As the federal Liberals try to come up with a way to price carbon that will appease 13 fractious provinces and territories, a prominent academic has a message for them — don't bother.

Carbon prices high enough to make a difference would doom any government foolish enough to impose them, says Mark Jaccard, an energy economic with Simon Fraser University in British Columbia.

"Report after report is coming out on emissions pricing, but never saying what that price should be," said Jaccard, co-author of a research report released Tuesday.

Jaccard concludes that to force Canada to meet the goals it agreed to at the Paris climate summit, that price would have to be $200 a tonne. No government in the world will set that, he said.

B.C. has frozen its carbon tax at $30 a tonne. Alberta has no plans to go beyond that level. Governments in France and Australia have already cancelled carbon taxes in the face of public opposition.

Jaccard points instead to a tool that is already reducing carbon in some of the world's largest economies — regulation.

"All climate policies that are actually effective are politically difficult," he said. "The only issue is which ones are more politically difficult.

"Taxes are more difficult than regulation."

Ottawa is grappling with climate-change policy in advance of an expected federal-provincial meeting on the matter later this year. Canada is on the hook to devise a way to meet its Paris goal of 30 per cent carbon reduction over 2005 levels by 2030.

Cabinet ministers have mused about imposing a national carbon price, while Prime Minister Justin Trudeau has suggested regulations could be part of the mix.

Jaccard proposes what he calls flexible regulations on industries, vehicles and power generation that focus on setting caps or standards rather than imposing solutions.

The regulations would phase out coal-fired power, require car builders to sell an increasing number of zero-emission vehicles, force trucks and buses to use more biodiesel and would cap the amount of carbon manufacturers are allowed to release per unit of production.

Similar standards are already being used successfully in places such as California to reduce greenhouse gases, Jaccard said. Economists calculate that all but about 10 per cent of that state's emissions reductions have come about because of regulations.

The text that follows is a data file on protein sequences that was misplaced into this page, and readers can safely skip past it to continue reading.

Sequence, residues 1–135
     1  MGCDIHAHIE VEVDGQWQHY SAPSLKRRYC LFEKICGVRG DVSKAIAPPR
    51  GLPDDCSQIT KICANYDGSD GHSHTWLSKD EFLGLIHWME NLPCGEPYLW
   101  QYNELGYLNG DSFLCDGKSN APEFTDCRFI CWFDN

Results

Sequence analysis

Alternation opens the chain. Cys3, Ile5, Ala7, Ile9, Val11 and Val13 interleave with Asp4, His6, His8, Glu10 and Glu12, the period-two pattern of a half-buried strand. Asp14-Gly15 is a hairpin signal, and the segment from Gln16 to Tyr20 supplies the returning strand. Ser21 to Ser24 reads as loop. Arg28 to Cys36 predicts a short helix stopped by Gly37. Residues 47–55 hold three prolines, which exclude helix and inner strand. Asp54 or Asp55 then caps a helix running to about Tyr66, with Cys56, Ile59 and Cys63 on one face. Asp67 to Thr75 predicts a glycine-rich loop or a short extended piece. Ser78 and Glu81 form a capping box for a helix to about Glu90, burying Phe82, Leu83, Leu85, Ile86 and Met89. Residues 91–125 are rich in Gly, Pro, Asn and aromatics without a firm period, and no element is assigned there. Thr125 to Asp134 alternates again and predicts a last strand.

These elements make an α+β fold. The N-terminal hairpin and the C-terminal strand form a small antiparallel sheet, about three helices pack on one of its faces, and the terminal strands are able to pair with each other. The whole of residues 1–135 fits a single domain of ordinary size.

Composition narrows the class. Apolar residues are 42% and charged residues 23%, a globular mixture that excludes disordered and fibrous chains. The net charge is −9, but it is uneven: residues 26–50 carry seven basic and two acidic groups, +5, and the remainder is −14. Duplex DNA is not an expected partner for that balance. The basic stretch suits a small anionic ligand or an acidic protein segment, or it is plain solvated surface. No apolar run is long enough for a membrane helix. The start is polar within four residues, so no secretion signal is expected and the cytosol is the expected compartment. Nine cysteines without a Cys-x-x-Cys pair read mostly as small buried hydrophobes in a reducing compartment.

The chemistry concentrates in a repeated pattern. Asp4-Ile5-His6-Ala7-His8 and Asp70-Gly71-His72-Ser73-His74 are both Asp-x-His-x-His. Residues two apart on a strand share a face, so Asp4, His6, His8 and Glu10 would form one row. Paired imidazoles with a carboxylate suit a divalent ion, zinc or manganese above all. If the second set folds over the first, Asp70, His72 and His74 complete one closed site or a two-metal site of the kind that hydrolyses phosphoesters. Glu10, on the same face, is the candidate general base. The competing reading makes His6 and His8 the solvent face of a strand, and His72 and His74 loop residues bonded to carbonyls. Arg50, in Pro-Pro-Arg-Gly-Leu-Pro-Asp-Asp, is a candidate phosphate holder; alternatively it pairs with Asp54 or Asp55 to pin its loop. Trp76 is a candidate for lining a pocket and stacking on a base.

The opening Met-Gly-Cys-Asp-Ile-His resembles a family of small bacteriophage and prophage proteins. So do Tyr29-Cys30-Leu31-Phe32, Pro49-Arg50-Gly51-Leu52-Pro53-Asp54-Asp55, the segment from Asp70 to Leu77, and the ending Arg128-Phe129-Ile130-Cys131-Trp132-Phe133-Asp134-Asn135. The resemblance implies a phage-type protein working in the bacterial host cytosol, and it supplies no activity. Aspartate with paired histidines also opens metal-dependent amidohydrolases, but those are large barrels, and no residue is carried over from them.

Jaccard, too, has done some math. If those rules were put in place, Canada could meet its Paris target with a relatively low carbon price of $40 a tonne, he said.

Economists often argue that pricing carbon is more efficient because it lets consumers make their own decisions about how much energy they want to use. But efficiency is not the same thing as effectiveness, said Jaccard.

"Economists love to chant about that, but economists don't have to get re-elected."

Jaccard acknowledges that carbon regulations don't mean a price isn't being paid. They simply hide it.

Using regulations to de-carbonize Canada would increase the price of a litre of gas in Ontario to about $1.70 by 2030 from just under $1, he writes. Electricity in Alberta and Saskatchewan — the two most coal-dependent provinces — would rise up to 18 per cent. It would cost about $10 more to produce a barrel of oilsands oil.

But they could just work, Jaccard said. And they would be a lot less likely to destroy the governments that introduced them.

"Climate policy is so difficult, (but) there are ways of doing it that get around the irrationality of human reaction to taxes."

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